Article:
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Attributes Tutorial

Visual Studio .NET 2003

This tutorial shows how to create custom attribute classes, use them in code, and query them through reflection.

Sample Files

See Attributes Sample to download and build the sample files discussed in this tutorial.

Further Reading

Tutorial

Attributes provide a powerful method of associating declarative information with C# code (types, methods, properties, and so forth). Once associated with a program entity, the attribute can be queried at run time and used in any number of ways.

Example usage of attributes includes:

  • Associating help documentation with program entities (through a Help attribute).
  • Associating value editors to a specific type in a GUI framework (through a ValueEditor attribute).

In addition to a complete example, this tutorial includes the following topics:

Declaring an Attribute Class

Declaring an attribute in C# is simple — it takes the form of a class declaration that inherits from System.Attribute and has been marked with the AttributeUsage attribute as shown below:

using System;
[AttributeUsage(AttributeTargets.All)]
public class HelpAttribute : System.Attribute 
{
   public readonly string Url;

   public string Topic               // Topic is a named parameter
   {
      get 
      { 
         return topic; 
      }
      set 
      { 

        topic = value; 
      }
   }

   public HelpAttribute(string url)  // url is a positional parameter
   {
      this.Url = url;
   }

   private string topic;
}

Code Discussion

  • The attribute AttributeUsage specifies the language elements to which the attribute can be applied.
  • Attributes classes are public classes derived from System.Attribute that have at least one public constructor.
  • Attribute classes have two types of parameters:
    • Positional parameters must be specified every time the attribute is used. Positional parameters are specified as constructor arguments to the attribute class. In the example above, url is a positional parameter.
    • Named parameters are optional. If they are specified when the attribute is used, the name of the parameter must be used. Named parameters are defined by having a nonstatic field or property. In the example above, Topic is a named parameter.
  • Attribute parameters are restricted to constant values of the following types:
    • Simple types (bool, byte, char, short, int, long, float, and double)
    • string
    • System.Type
    • enums
    • object (The argument to an attribute parameter of type object must be a constant value of one of the above types.)
    • One-dimensional arrays of any of the above types

Parameters for the AttributeUsage Attribute

The attribute AttributeUsage provides the underlying mechanism by which attributes are declared.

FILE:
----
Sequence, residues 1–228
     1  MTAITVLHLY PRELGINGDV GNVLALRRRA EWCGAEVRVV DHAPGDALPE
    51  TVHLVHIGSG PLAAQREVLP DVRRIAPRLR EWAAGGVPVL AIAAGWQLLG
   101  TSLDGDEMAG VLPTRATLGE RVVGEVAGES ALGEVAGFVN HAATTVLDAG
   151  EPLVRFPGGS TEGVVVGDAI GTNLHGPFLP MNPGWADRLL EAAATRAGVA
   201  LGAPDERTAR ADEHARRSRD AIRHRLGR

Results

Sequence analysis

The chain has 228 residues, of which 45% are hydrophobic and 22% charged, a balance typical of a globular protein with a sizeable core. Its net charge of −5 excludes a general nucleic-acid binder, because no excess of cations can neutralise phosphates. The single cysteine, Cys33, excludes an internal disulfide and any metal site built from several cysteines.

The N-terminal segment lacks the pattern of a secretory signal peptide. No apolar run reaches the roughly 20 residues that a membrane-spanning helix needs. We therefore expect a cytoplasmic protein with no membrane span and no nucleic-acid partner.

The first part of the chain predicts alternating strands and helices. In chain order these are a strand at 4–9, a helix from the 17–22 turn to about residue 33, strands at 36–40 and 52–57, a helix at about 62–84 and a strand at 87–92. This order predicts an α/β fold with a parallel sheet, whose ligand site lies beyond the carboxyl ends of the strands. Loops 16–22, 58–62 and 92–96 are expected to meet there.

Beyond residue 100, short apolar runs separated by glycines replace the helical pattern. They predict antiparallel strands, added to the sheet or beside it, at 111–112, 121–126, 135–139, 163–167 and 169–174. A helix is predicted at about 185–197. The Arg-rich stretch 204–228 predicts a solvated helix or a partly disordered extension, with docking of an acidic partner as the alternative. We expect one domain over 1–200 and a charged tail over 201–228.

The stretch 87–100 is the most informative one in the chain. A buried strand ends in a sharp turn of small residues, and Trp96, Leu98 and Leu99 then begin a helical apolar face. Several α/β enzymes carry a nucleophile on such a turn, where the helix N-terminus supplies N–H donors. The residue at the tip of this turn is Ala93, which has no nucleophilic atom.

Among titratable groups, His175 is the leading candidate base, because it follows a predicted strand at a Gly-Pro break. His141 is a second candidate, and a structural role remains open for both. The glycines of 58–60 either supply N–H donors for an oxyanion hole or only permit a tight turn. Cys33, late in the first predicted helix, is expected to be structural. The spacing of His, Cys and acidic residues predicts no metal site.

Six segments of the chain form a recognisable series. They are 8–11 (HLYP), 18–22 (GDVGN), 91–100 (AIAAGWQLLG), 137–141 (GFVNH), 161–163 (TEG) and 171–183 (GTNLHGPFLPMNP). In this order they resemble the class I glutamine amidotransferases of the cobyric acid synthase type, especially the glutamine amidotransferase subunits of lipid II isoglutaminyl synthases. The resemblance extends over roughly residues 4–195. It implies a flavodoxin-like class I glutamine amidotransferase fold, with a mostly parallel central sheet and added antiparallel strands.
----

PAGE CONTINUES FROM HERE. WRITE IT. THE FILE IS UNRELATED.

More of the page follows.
AttributeUsage has one positional parameter:

  • AllowOn, which specifies the program elements that the attribute can be assigned to (class, method, property, parameter, and so on). Valid values for this parameter can be found in the System.Attributes.AttributeTargets enumeration in the .NET Framework. The default value for this parameter is all program elements (AttributeElements.All).

AttributeUsage has one named parameter:

  • AllowMultiple, a Boolean value that indicates whether multiple attributes can be specified for one program element. The default value for this parameter is False.

Using an Attribute Class

Here's a simple example of using the attribute declared in the previous section:

[HelpAttribute("http://localhost/MyClassInfo")]
class MyClass 
{
}

In this example, the HelpAttribute attribute is associated with MyClass.

Note   By convention, all attribute names end with the word "Attribute" to distinguish them from other items in the .NET Framework. However, you do not need to specify the attribute suffix when using attributes in code. For example, you can specify HelpAttribute as follows:
[Help("http://localhost/MyClassInfo")] // [Help] == [HelpAttribute]
class MyClass
{
}

Accessing Attributes Through Reflection

Once attributes have been associated with program elements, reflection can be used to query their existence and values. The main reflection methods to query attributes are contained in the System.Reflection.MemberInfo class (GetCustomAttributes family of methods). The following example demonstrates the basic way of using reflection to get access to attributes:

class MainClass 
{
   public static void Main() 
   {
      System.Reflection.MemberInfo info = typeof(MyClass);
      object[] attributes = info.GetCustomAttributes(true);
      for (int i = 0; i < attributes.Length; i ++)
      {
         System.Console.WriteLine(attributes[i]);
      }
   } 
} 

Example